The epidermis is the outermost layer of the skin, and protects the body from the environment. The thickness of the epidermis varies in different types of skin; it is only .05 mm thick on the eyelids, and is 1.5 mm thick on the palms and the soles of the feet. The epidermis contains the melanocytes (the cells in which melanoma develops), the Langerhans' cells (involved in the immune system in the skin), Merkel cells and sensory nerves. The epidermis layer itself is made up of five sublayers that work together to continually rebuild the surface of the skin:

The Basal Cell Layer

The basal layer is the innermost layer of the epidermis, and contains small round cells called basal cells. The basal cells continually divide, and new cells constantly push older ones up toward the surface of the skin, where they are eventually shed. The basal cell layer is also known as the stratum germinativum due to the fact that it is constantly germinating (producing) new cells.

The basal cell layer contains cells called melanocytes. Melanocytes produce the skin coloring or pigment known as melanin, which gives skin its tan or brown color and helps protect the deeper layers of the skin from the harmful effects of the sun. Sun exposure causes melanocytes to increase production of melanin in order to protect the skin from damaging ultraviolet rays, producing a suntan. Patches of melanin in the skin cause birthmarks, freckles and age spots. Melanoma develops when melanocytes undergo malignant transformation.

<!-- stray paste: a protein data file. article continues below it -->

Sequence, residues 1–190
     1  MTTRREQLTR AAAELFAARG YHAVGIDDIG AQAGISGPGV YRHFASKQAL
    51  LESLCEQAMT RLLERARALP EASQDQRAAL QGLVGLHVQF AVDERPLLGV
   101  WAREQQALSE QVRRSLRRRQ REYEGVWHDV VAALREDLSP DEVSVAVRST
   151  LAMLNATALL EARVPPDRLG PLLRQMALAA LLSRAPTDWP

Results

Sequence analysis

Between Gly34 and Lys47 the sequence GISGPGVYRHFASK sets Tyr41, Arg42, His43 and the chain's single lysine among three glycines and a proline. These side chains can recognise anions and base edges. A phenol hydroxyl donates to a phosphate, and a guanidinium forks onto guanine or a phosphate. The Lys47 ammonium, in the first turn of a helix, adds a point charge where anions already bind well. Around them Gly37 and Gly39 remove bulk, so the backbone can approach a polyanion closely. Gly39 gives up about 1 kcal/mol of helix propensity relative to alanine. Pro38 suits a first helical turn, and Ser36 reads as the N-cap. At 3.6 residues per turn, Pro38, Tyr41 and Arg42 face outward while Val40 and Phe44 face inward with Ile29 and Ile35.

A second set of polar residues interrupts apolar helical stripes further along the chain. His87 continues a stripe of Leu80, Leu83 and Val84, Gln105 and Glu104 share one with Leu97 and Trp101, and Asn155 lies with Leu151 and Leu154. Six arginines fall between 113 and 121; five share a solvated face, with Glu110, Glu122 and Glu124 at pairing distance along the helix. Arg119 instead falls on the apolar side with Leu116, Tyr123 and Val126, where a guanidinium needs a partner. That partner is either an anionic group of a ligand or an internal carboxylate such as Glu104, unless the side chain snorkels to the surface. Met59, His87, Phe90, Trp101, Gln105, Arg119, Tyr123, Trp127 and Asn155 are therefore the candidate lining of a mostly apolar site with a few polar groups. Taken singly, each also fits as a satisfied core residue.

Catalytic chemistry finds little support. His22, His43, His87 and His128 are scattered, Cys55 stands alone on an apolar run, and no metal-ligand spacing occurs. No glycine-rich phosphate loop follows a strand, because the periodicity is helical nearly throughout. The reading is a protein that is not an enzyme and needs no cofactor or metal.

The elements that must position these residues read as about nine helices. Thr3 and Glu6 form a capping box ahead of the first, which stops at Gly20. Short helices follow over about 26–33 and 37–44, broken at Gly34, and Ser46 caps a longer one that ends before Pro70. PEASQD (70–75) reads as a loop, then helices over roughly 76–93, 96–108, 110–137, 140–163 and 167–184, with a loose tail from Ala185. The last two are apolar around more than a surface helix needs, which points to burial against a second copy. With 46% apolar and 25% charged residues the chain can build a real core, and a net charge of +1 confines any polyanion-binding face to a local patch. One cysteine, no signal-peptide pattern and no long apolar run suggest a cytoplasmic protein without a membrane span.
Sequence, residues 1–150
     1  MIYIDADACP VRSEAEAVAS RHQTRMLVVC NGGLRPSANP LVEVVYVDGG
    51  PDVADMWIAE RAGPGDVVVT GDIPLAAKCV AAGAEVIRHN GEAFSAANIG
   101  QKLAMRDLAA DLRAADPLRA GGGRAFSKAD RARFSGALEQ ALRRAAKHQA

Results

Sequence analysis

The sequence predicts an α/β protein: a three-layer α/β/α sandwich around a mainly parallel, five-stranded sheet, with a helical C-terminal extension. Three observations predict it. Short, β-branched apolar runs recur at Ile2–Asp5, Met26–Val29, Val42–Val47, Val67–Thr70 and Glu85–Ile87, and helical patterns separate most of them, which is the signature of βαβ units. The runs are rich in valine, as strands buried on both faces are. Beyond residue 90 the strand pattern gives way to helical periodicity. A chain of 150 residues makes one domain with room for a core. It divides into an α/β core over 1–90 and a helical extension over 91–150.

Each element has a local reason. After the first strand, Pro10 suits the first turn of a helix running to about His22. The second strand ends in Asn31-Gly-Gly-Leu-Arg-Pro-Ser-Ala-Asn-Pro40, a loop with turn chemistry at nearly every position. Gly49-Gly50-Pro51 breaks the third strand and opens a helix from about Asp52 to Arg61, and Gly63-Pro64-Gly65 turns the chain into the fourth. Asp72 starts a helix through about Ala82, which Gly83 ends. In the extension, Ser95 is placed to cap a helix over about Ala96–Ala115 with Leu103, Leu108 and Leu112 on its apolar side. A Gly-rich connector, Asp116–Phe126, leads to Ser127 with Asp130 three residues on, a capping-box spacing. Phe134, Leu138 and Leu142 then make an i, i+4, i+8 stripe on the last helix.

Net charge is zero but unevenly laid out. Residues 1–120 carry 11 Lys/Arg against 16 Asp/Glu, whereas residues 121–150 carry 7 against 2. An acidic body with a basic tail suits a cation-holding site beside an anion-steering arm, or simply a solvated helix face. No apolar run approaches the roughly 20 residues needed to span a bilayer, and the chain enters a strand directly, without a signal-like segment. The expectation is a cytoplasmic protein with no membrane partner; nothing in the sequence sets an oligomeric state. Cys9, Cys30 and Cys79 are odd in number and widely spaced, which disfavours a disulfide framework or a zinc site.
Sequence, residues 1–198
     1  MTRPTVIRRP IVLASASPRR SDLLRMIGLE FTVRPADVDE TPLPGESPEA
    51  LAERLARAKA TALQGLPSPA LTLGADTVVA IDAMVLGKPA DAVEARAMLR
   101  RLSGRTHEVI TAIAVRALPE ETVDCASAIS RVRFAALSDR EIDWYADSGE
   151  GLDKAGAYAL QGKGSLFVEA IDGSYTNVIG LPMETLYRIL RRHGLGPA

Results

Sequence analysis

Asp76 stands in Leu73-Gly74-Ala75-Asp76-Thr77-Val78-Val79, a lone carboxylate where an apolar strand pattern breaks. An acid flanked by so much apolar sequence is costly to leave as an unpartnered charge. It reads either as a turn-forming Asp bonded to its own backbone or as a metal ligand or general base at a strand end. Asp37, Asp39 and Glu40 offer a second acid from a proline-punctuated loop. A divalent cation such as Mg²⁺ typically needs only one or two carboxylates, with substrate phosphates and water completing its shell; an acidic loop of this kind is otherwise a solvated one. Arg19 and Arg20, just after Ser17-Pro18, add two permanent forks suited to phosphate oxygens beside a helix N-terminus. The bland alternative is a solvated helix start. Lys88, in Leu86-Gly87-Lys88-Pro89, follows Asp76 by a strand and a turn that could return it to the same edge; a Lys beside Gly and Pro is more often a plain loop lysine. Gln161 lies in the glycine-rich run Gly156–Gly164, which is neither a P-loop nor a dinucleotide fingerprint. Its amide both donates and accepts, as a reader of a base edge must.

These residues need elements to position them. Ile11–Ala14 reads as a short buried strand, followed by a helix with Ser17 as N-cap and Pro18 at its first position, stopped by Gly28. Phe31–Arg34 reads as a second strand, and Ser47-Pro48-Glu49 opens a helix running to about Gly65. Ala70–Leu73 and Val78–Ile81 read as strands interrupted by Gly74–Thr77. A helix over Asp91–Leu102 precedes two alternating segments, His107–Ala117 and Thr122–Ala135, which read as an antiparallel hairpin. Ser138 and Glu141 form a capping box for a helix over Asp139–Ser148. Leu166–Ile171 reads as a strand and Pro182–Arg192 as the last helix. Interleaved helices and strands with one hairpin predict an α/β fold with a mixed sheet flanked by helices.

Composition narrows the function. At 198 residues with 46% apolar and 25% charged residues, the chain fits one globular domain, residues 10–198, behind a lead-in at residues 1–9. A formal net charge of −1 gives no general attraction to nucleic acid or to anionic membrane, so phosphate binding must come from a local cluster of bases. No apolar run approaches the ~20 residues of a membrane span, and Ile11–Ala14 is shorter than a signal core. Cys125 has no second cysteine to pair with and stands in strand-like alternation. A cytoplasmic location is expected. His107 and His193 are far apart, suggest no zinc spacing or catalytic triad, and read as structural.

Merkel cells, which are tactile cells of neuroectodermal origin, are also located in the basal layer of the epidermis.

The Squamous Cell Layer

The squamous cell layer is located above the basal layer, and is also known as the stratum spinosum or “spiny layer” due to the fact that the cells are held together with spiny projections. Within this layer are the basal cells that have been pushed upward, however these maturing cells are now called squamous cells, or keratinocytes. Keratinocytes produce keratin, a tough, protective protein that makes up the majority of the structure of the skin, hair, and nails.

The squamous cell layer is the thickest layer of the epidermis, and is involved in the transfer of certain substances in and out of the body. The squamous cell layer also contains cells called Langerhans cells. These cells attach themselves to antigens that invade damaged skin and alert the immune system to their presence.

The Stratum Granulosum & the Stratum Lucidum

The keratinocytes from the squamous layer are then pushed up through two thin epidermal layers called the stratum granulosum and the stratum lucidum. As these cells move further towards the surface of the skin, they get bigger and flatter and adhere together, and then eventually become dehydrated and die. This process results in the cells fusing together into layers of tough, durable material, which continue to migrate up to the surface of the skin.

The Stratum Corneum

The stratum corneum is the outermost layer of the epidermis, and is made up of 10 to 30 thin layers of continually shedding, dead keratinocytes. The stratum corneum is also known as the “horny layer,” because its cells are toughened like an animal’s horn. As the outermost cells age and wear down, they are replaced by new layers of strong, long-wearing cells. The stratum corneum is sloughed off continually as new cells take its place, but this shedding process slows down with age. Complete cell turnover occurs every 28 to 30 days in young adults, while the same process takes 45 to 50 days in elderly adults.

The Dermis

The dermis is located beneath the epidermis and is the thickest of the three layers of the skin (1.5 to 4 mm thick), making up approximately 90 percent of the thickness of the skin. The main functions of the dermis are to regulate temperature and to supply the epidermis with nutrient-saturated blood. Much of the body’s water supply is stored within the dermis. This layer contains most of the skins’ specialized cells and structures, including: